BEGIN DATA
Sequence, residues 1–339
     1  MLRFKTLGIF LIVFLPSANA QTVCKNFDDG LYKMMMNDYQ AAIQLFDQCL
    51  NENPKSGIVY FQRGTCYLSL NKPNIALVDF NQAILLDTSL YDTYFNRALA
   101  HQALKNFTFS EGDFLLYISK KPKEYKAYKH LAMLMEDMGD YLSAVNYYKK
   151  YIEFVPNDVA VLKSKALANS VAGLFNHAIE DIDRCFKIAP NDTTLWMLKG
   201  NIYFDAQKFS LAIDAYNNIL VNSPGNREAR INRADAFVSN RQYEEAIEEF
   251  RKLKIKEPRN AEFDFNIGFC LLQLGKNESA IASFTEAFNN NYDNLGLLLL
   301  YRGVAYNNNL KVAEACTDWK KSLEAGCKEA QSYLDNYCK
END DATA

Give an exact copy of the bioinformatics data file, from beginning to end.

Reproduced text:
Sequence, residues 1–339
     1  MLRFKTLGIF LIVFLPSANA QTVCKNFDDG LYKMMMNDYQ AAIQLFDQCL
    51  NENPKSGIVY FQRGTCYLSL NKPNIALVDF NQAILLDTSL YDTYFNRALA
   101  HQALKNFTFS EGDFLLYISK KPKEYKAYKH LAMLMEDMGD YLSAVNYYKK
   151  YIEFVPNDVA VLKSKALANS VAGLFNHAIE DIDRCFKIAP NDTTLWMLKG
   201  NIYFDAQKFS LAIDAYNNIL VNSPGNREAR INRADAFVSN RQYEEAIEEF
   251  RKLKIKEPRN AEFDFNIGFC LLQLGKNESA IASFTEAFNN NYDNLGLLLL
   301  YRGVAYNNNL KVAEACTDWK KSLEAGCKEA QSYLDNYCK